MARFA - The U.S. Border Patrol Station in Marfa was barricaded off in anticipation of a protest on Monday morning.
"Hey hey, ho ho! To mass deportation, we say no!" That's the message chanted at what resulted as one of the first demonstrations in West Texas that supports asylum for the thousands of Central American immigrants that have recently flooded into the U.S. The predominately alien children are being sheltered by the masses in Artesia, North Texas and other places across the nation.
"This is a demonstration in the name of love of children and it is for the sake of our humanity that we're here," Protest Organizer, Lineaus Lorette, said.
Lorette cited past examples of when decisions on immigration cost lives.
"May 1939, this country turned away 5,000 German Jews who were trying to escape Hitler and we returned them to be consumed by the Holocaust. There are a lot of people, including myself, who are not going to let that happen again," he said. "It is my hope that this little demonstration lights a fire among the righteous."
According to Lorrete, each child should have the chance at freedom and his day in court and providing for them in the meantime should be manageable
"We're the richest country in the world. We can find the resources to help these kids. We're not going to turn them away without a fight," he said.
Another demonstrator, Violeta McGlochlin, knows the struggle all too well. She came to the U.S. upon marriage a few years ago but before that she lived in a violence-ridden Monterrey.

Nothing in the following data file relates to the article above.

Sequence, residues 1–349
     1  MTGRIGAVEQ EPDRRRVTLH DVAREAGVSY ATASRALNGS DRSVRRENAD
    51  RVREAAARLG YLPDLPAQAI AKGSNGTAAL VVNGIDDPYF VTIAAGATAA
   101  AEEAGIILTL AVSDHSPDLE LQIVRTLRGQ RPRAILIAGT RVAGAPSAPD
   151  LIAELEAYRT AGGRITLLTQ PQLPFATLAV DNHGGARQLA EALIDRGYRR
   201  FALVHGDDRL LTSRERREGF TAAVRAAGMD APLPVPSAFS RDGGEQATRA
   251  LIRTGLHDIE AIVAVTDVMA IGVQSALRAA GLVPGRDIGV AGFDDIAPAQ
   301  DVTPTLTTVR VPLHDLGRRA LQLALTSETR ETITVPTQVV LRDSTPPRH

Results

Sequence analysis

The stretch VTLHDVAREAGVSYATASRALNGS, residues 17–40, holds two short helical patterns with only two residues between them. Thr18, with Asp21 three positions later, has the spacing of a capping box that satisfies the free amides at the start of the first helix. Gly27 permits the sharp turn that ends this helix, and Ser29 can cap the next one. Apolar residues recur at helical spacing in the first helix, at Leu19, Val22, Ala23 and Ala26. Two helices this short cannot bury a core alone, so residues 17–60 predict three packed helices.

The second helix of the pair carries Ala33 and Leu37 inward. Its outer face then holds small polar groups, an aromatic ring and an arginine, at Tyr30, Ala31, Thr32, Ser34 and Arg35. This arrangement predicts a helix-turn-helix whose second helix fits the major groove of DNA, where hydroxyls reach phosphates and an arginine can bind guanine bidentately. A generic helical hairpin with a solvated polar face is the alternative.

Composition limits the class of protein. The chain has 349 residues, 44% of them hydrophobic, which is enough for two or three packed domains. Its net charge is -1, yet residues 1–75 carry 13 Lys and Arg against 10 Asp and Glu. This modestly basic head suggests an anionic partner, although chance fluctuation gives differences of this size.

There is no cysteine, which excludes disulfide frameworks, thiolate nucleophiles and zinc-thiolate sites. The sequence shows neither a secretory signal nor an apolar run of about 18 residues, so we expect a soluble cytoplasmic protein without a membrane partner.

"I was afraid everyday because everything could happen so I can tell that being a kid and living in a place like that it's awful. It's a place where you can find grenades in parks, where you can be killed for anything, no matter if you're rich or poor, no matter if you're a woman, kid or a man, so I can totally empathize with the feeling of letting your kids go and find a better place and that's what I'm here for," she explained.
Local authorities were notified about the demonstration in advance. Organizers said fear of possible repercussions led to a lower turnout than what it could have been. Just over a handful of protesters came out, some of which included kids fighting for their own.
11-year-old Catching Marginot, who joined the rally with two of his siblings and mother, thinks, "it's really sad and it's cruel. Like if our lives were in their footsteps, how would that be life-changing if we had to suffer what they did, escape and all that," he said.
On Monday afternoon, Governor Rick Perry announced deploying up to 1,000 troops with the Texas National Guard to help secure the border near the lower valley. Lorette said it wouldn't matter if 1,000 more Border Patrol officers were sent there, but the idea that the Guard, whose untrained in human rights will be armed against the children, has Lorette enraged.